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All British, 1831, 28,249 tons (outwards).

1832, 28,882

1833, 24,831

1834, 28,789

Foreign, increased about 1000 tons the last two years, equal to our tonnage in the China trade.

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1827, £531,704.
1828, £185,842.


1829, £568,684.
1834, £1,207,941.

Cotton Twist.
1827, 647,094 lbs.
1828, 156,860
1829, 662,538
1834, 1,989,851

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1829, Sheep's Wool, 315,807
1834, Wool...... 1,474,322

It would, therefore, be madness to shut our eyes to the immense value which the Turkish trade was to this country, a value not less than our trade with China. In further illustration of the views he was labouring to impress upon the House, he begged to state that, in 1830, the transit trade through Trebizond, consisted of about 5000 bales, valued at £250,000; in 1834, it had increased to 12,000, valued at £600,000; and in 1835, to 19,300 bales, valued at £965,000; and in the ports of Persia connected with it during 1835. Thus, in five years (1830 to 1835), trade increased 140 per cent.; in the sixth year, as compared with the first year, 300 per cent.; and as compared with the preceding year 60 per cent.; consisting of European manufactures, nine-tenths being British.

After alluding to the disastrous treaties extorted from Turkey ever since the year 1812, the Hon. Member alluded to the retention of Silistria, and its occupation by a garrison of 6000 men, and there was another fort within a very inconsiderable distance of it, and the garrison became thereby linked with another army of 40,000 men. In direct violation of the treaty of Vienna, which enacted that the navigation of the Danube should be free to ships of all nations, Russia had recently extorted tribute from British shipping passing down that river, and not only had she put a stop to the trade of England, but to the trade of the whole of central Europe. Our remonstrances had hitherto been fruitless. He claimed the protection of the British Government to our trade in the Black Sea, a protection which, as

we had so lately increased our navy for the purpose of protecting our commerce, he earnestly hoped would not be withheld. He concluded by moving that-" An humble address be presented to His Majesty, praying that He will be graciously pleased to take such steps as to His Majesty may seem best adapted to protect and extend the commercial interests of Great Britain in Turkey and the Euxine," and sat down amidst loud cheers.

SIR EDWARD CODRINGTON begged to contradict a misrepresentation which had appeared in the French papers, of his sentiments with regard to the Russian fleet. He was stated to have spoken disrespectfully of that fleet, but the fact was, that he had never done so, for he had seen them in battle, and it was because he felt that the Russian fleet was very powerful that he was anxious the navy of this country should be strengthened, so as to meet them on equal terms. It was evident to him, that we had the means in our power of stopping the aggressions of Russia. It was the old mode, and one which had always been successful-it was to arm. (Hear, hear.) If we did not, we should only lead Russia on from aggression to aggression-if we did not, we should lose one by one, the allies whom an earlier show of determination would have maintained in our interests, and what is more, we should lose our own honour.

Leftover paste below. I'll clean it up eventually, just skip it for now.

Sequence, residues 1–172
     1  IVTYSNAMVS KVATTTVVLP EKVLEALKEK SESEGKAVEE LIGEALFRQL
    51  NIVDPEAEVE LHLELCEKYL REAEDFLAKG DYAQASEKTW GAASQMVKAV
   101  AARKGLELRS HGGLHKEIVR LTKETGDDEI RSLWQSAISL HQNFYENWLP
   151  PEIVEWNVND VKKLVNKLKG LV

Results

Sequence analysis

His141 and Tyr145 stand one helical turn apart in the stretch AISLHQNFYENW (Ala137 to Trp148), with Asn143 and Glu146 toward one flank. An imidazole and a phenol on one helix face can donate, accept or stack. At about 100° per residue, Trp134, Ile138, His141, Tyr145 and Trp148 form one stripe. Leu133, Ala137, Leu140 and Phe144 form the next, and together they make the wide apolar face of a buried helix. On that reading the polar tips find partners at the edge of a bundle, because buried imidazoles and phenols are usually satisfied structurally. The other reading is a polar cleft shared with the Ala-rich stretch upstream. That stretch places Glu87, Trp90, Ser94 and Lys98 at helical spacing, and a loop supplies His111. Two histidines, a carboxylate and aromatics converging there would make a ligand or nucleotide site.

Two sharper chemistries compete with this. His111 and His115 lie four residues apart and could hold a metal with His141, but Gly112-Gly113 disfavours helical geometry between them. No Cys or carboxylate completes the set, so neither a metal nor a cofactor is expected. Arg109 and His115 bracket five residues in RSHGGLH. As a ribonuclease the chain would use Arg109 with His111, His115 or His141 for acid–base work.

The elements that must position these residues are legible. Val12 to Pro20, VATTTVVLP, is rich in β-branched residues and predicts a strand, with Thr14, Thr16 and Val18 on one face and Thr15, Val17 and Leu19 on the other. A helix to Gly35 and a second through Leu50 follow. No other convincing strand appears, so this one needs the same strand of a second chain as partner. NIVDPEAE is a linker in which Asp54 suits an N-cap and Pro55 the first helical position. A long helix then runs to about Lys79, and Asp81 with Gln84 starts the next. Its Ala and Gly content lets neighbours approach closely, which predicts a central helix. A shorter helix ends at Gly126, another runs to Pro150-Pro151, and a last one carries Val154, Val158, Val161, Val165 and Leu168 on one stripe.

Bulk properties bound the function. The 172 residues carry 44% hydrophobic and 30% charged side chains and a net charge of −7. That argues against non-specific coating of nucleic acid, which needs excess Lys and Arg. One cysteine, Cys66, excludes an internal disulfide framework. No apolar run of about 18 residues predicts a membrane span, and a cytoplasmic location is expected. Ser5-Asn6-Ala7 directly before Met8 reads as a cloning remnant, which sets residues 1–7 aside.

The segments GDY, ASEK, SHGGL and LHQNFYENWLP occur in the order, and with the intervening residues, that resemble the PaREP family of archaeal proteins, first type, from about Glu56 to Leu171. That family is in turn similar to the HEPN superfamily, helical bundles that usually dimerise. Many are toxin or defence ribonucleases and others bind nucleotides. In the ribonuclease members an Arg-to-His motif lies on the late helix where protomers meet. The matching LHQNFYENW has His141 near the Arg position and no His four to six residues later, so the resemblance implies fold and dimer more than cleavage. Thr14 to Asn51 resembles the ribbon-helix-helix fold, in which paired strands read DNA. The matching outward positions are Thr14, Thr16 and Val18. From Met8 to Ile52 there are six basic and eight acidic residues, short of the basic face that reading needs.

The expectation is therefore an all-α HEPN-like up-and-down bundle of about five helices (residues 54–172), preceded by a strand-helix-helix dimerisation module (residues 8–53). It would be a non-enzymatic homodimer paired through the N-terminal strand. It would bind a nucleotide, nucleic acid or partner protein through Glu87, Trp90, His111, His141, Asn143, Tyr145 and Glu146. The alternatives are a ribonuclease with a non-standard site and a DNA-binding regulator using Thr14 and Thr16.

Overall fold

We were bound to send a fleet into the Black Sea to protect our commerce against the aggressions of Russia, and if we took that line of conduct, and exacted reparation as we ought, it would put an end to the danger of that war which he as much as any merchant deprecated.

LORD PALMERSTON, whilst complimenting his Hon. Friend on his very able and eloquent speech, wished to correct the opinion that the Cabinet was divided on this question. They were desirous of maintaining peace so long as peace could be maintained consistently with the honour and interests of the country, but they were alive to the interests of British commerce, and they indulged the hope of being able to protect their interests without having recourse to war.

His Majesty's Government entirely concurred with the Hon. Member in his expressions of the extreme importance-politically and commercially-in respect to the relations of the country with Turkey and the countries beyond the Black Sea. His Lordship admitted the rapid increase, in recent years, of our trade with Turkey and Persia. He could assure the House that there existed no desire or disposition to submit to aggression from any power. He begged to take this opportunity to correct an error in the reports which had gone forth as to his views, on a former occasion. What he then stated was, that if the Government of Russia did entertain the project of exterminating the Polish nation, the attempt would be hopeless, for that it would be impossible to extinguish a nation of so much bravery. LORD MAHON, after lamenting that assistance had not been afforded by

England to the Sultan against Mehemet Ali in 1833, added, that with regard to the statement that British vessels had experienced obstacles in the navigation of the Danube, he was of opinion, that not a moment ought to be lost before the complaint was investigated, and if proved to be well founded, the amplest satisfaction should be insisted on.